Other formats available (will launch in separate window):

Quicktime, 160x120, 1.8 Mb
Quicktime, 320x240, 3.1 Mb
Windows Media, 160x120, 1.4 Mb
Windows Media, 320x240, 2.8 Kb


You may need to download: Quicktime exit icon | Windows Media exit icon


Hydrocarbons are the basis of chemosynthetic ecosystems in the Gulf of Mexico. In this video, we get to see just how intimate the connection is between oil and tubeworms. Jason’s manipulator arm is reaching deep into the sediments to try and collect the entire animal, including the delicate end of its tube that is permanently buried. Tubeworms are able to absorb hydrogen sulfide through the buried portions of their tubes. In this case we can see that the end of the tube was submerged in a layer of liquid oil. Microbial consumption has removed the more volatile fraction of the oil, leaving a product that is extremely viscous and sticky. The ambient water temperature of 4C makes the oil even stickier. This oil drop will take hours to reach the surface, or it may lose buoyancy and sink back to the bottom. Video/Audio courtesy of Ian MacDonald, Texas A&M University-Corpus Christi, Expedition to the Deep Slope 2007, NOAA-OE.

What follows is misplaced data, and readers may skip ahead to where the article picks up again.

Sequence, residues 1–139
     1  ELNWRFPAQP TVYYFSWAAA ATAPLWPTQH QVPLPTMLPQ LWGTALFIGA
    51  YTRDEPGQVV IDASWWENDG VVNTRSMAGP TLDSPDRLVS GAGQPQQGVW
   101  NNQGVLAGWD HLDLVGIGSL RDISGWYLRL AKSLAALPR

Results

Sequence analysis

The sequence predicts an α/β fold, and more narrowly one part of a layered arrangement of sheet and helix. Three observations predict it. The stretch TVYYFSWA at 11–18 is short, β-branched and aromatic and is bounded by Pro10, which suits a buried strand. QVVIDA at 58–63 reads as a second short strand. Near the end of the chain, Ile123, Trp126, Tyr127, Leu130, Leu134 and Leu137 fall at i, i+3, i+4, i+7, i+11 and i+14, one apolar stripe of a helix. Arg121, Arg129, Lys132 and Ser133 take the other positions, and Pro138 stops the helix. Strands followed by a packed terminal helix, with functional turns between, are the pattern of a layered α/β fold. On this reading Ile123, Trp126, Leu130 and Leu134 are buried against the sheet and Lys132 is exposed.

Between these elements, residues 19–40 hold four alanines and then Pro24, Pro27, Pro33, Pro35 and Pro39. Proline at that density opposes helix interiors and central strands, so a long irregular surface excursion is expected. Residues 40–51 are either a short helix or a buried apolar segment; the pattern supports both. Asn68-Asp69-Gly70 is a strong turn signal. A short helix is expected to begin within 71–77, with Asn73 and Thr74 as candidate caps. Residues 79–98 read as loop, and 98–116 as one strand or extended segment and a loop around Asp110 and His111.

Related Links

Expedition to the Deep Slope 2007

Expedition to the Deep Slope 2007: June 26 Log

NOAA Ocean Explorer Gallery